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Dun Laoghaire Ready to Host Ireland’s Biggest Sailing Fixture

22nd March 2017
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SB20s will compete at July's Volvo Dun Laoghaire Regatta that launches today SB20s will compete at July's Volvo Dun Laoghaire Regatta that launches today

The 2017 Volvo Dun Laoghaire Regatta (VDLR) which is now established as the biggest sailing event in Ireland was launched this evening at the Maritime Museum in Dun Laoghaire. This biennial fixture which is organised by the four Dun Laoghaire waterfront yacht clubs (the Dun Laoghaire Motor Yacht Club (DMYC), the National Yacht Club (NYC), the Royal Irish Yacht Club (RIYC) and the Royal St George Yacht Club (RSGYC) will take place across four days in early July and attracts yachts from all four coasts of Ireland and from England, Scotland, Wales, Northern Ireland and the Isle of Man, and more locally from all the four Dun Laoghaire based yacht clubs.

Speaking at the launch event, David Lovegrove, President, Irish Sailing Association (ISA) said “The VDLR is now firmly established in Ireland’s major sporting calendar and is the biggest participant sporting event in the country, after the city marathons. We are also proud that the VDLR continues to grow and build upon Ireland's international reputation as a quality sports and sailing destination and cements Ireland's reputation as a location for a major international regatta. In addition, local area businesses will benefit considerably from the influx of visitors as they enjoy the superb sailing action in Dublin Bay and a fantastic array of family oriented activities that have been set up on shore.”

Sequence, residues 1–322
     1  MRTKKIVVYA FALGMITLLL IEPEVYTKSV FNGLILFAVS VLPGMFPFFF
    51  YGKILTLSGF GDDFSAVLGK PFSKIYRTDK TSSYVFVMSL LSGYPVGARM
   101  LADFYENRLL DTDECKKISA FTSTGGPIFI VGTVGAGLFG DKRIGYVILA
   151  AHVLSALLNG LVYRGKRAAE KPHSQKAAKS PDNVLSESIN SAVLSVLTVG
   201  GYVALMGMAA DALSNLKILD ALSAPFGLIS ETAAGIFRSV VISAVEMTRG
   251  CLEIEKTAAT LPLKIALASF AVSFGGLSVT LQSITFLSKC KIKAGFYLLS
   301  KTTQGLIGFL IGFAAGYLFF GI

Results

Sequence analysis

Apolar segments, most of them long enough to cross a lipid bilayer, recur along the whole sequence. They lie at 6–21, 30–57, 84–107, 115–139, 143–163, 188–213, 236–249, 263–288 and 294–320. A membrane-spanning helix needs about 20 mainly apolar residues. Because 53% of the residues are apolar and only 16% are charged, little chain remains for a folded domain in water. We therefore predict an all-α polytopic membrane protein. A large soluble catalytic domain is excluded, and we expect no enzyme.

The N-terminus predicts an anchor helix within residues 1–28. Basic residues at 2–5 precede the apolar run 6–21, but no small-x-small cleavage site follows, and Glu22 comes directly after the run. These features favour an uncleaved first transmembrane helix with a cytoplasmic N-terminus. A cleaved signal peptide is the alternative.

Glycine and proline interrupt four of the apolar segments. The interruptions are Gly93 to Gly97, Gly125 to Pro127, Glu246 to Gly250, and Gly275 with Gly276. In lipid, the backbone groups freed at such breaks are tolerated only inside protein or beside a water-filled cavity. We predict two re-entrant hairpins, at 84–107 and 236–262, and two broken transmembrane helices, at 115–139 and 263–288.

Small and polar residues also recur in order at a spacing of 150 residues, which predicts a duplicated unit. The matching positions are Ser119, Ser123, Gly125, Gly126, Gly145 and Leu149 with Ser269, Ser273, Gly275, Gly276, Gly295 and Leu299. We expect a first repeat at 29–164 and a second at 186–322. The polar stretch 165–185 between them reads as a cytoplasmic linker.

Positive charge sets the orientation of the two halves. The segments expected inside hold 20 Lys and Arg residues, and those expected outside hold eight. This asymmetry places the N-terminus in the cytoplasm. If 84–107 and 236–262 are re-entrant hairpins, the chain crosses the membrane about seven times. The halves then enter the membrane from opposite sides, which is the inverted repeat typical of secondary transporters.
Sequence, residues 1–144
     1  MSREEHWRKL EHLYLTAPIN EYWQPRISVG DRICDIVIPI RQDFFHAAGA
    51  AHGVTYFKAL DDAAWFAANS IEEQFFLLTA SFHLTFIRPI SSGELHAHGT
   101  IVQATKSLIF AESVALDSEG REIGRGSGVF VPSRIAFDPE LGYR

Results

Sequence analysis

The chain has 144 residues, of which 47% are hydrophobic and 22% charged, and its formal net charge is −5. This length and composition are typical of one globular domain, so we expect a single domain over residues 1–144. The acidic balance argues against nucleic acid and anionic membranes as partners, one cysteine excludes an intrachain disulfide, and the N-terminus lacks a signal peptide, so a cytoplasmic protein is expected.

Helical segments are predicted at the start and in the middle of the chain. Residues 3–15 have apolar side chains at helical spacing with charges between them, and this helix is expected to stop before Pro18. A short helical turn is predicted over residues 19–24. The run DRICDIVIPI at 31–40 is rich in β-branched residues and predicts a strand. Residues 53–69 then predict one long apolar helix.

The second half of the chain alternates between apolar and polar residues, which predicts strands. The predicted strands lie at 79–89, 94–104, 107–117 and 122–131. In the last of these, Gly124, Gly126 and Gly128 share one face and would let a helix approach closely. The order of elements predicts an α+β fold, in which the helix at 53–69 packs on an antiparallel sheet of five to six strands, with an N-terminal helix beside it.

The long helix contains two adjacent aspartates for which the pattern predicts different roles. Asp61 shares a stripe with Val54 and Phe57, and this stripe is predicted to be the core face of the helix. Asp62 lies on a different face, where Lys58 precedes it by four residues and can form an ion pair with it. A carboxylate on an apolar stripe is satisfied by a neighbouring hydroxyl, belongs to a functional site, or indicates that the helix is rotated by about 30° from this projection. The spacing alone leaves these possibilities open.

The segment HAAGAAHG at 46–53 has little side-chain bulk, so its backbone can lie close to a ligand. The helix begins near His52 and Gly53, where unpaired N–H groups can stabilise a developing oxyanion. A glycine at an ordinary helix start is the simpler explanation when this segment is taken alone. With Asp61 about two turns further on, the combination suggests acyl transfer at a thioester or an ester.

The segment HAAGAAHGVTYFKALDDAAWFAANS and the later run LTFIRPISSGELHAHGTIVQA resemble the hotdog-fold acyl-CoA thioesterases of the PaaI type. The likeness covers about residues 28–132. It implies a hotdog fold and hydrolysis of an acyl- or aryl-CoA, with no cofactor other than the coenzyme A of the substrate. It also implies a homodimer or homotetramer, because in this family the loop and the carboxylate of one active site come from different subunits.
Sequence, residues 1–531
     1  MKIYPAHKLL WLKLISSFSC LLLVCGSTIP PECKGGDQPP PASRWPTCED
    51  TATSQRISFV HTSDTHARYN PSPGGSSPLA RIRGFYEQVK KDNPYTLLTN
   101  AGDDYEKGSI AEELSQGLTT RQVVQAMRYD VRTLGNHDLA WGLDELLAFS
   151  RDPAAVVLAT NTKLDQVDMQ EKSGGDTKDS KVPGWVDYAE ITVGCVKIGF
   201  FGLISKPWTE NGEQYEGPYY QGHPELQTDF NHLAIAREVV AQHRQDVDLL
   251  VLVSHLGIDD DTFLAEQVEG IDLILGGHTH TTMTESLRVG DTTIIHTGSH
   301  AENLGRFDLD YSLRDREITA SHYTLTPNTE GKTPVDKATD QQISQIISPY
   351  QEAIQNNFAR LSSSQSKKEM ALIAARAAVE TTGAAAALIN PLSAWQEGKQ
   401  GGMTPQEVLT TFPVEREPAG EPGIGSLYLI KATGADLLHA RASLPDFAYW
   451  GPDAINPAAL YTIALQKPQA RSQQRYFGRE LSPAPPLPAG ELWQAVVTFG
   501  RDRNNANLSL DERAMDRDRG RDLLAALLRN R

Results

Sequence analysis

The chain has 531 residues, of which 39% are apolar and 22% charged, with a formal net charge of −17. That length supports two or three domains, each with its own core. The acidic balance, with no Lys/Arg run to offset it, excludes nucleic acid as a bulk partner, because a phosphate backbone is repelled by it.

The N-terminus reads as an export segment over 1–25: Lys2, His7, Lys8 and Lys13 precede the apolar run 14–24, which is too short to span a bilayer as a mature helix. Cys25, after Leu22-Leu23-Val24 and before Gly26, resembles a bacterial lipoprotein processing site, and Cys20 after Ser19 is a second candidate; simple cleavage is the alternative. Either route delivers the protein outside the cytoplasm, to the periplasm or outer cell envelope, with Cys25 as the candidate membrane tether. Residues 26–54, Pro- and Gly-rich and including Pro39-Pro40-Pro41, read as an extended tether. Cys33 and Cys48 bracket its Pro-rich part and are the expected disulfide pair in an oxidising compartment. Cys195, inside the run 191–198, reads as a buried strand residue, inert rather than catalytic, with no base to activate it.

The key classes of yachts that will attract the most attention and competition during the Regatta will be the IRC Class 0, Class 1, Class 2, Class 3 and the IRC Offshore Class, who all, already have strong noteworthy entries. In addition, other ‘one design’ classes will include the Beneteau 31.7s, Beneteau 211, Sigma 33, Ruffian 23s, Dragon, RS Elite and the Shipman 28. The dinghy classes will include the GP14, Wayfarer, Squib, Mermaid, Flying Fifteen, Fireball, and single-handed Lasers and Moths.

Most notably this year there will be a Classics division in VDLR 2017 comprising a ‘Kingstown 200’ Anniversary Cup as part of the Dun Laoghaire Harbour Bicentenary Festival from July 6th to 9th 2017.